The Love Song of Har Dyal

Ha dicho Borges “Los últimos relatos de Kipling fueron no menos laberínticos y angustiosos que los de Kafka o los de James, a los que sin duda superan; pero en 1885, en Lahore, había emprendido una serie de cuentos breves, escritos de manera directa, que reuniría en 1890. No pocos –In the House of Suddhoo, Beyond the Pale , The Gate of the Hundred Sorrows– son lacónicas obras maestras”, un fragmento de esa obra maestra que se llama Beyond the Pale es lo que sigue.

Then he saw that the Gully ended in a trap, and heard a little laugh from behind the grated window. It was a pretty little laugh, and Trejago, knowing that, for all practical purposes, the old Arabian Nights are good guides, went forward to the window, and whispered that verse of “The Love Song of Har Dyal” which begins:

Can a man stand upright in the face of the naked Sun;
or a Lover in the Presence of his Beloved?
If my feet fail me, O Heart of my Heart, am I to blame,
being blinded by the glimpse of your beauty?

There came the faint tchinks of a woman’s bracelets from behind the grating, and a little voice went on with the song at the fifth verse:

Alas! alas! Can the Moon tell the Lotus of her love when the
Gate of Heaven is shut and the clouds gather for the rains?
They have taken my Beloved, and driven her with the pack-horses to the North.
There are iron chains on the feet that were set on my heart.
Call to the bowman to make ready-

The voice stopped suddenly, and Trejago walked out of Amir Nath’s Gully, wondering who in the world could have capped “The Love Song of Har Dyal” so neatly.

Next morning, as he was driving to the office, an old woman threw a packet into his dog-cart. In the packet was the half of a broken glass bangle, one flower of the blood red dhak, a pinch of bhusa or cattle-food, and eleven cardamoms. That packet was a letter -not a clumsy compromising letter, but an innocent, unintelligible lover’s epistle.

Trejago knew far too much about these things, as I have said. No Englishman should be able to translate object-letters. But Trejago spread all the trifles on the lid of his office-box and began to puzzle them out.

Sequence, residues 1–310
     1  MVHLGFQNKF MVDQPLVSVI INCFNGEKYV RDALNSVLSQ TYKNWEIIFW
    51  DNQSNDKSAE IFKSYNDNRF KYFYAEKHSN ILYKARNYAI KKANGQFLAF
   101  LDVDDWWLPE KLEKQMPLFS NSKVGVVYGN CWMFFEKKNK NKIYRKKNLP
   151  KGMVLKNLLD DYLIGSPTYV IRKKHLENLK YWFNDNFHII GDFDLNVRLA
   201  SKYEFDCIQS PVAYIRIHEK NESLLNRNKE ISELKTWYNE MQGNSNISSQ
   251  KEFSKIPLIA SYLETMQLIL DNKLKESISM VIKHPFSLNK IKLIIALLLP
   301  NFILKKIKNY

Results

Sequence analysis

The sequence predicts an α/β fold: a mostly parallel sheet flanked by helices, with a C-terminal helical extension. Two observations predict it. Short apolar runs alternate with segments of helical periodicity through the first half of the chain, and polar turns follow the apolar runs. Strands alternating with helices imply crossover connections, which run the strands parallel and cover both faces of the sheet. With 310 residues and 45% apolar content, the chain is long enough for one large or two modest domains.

A broken glass-bangle stands for a Hindu widow all India over; because, when her husband dies a woman’s bracelets are broken on her wrists. Trejago saw the meaning of the little bit of the glass. The flower of the dhak means diversely “desire,” “come,” “write,” or “danger,” according to the other things with it. One cardamom means “jealousy;” but when any article is duplicated in an object-letter, it loses its symbolic meaning and stands merely for one of a number indicating time, or, if incense, curds, or saffron be sent also, place. The message ran then:–“A widow dhak flower and bhusa–at eleven o’clock.” The pinch of bhusa enlightened Trejago. He saw -this kind of letter leaves much to instinctive knowledge- that the bhusa referred to the big heap of cattle-food over which he had fallen in Amir Nath’s Gully, and that the message must come from the person behind the grating; she being a widow. So the message ran then: “A widow, in the Gully in which is the heap of bhusa, desires you to come at eleven o’clock.”

Trejago threw all the rubbish into the fireplace and laughed. He knew that men in the East do not make love under windows at eleven in the forenoon, nor do women fix appointments a week in advance. So he went, that very night at eleven, into Amir Nath’s Gully, clad in a boorka, which cloaks a man as well as a woman. Directly the gongs in the City made the hour, the little voice behind the grating took up “The Love Song of Har Dyal” at the verse where the Panthan girl calls upon Har Dyal to return. The song is really pretty in the Vernacular. In English you miss the wail of it. It runs something like this:

Alone upon the housetops, to the North
I turn and watch the lightning in the sky,
The glamour of thy footsteps in the North,
Come back to me, Beloved, or I die!

Below my feet the still bazar is laid
Far, far below the weary camels lie,
The camels and the captives of thy raid,
Come back to me, Beloved, or I die!

My father’s wife is old and harsh with years,
And drudge of all my father’s house am I.
My bread is sorrow and my drink is tears,
Come back to me, Beloved, or I die!

As the song stopped, Trejago stepped up under the grating and whispered: “I am here.”

[Traducción al español]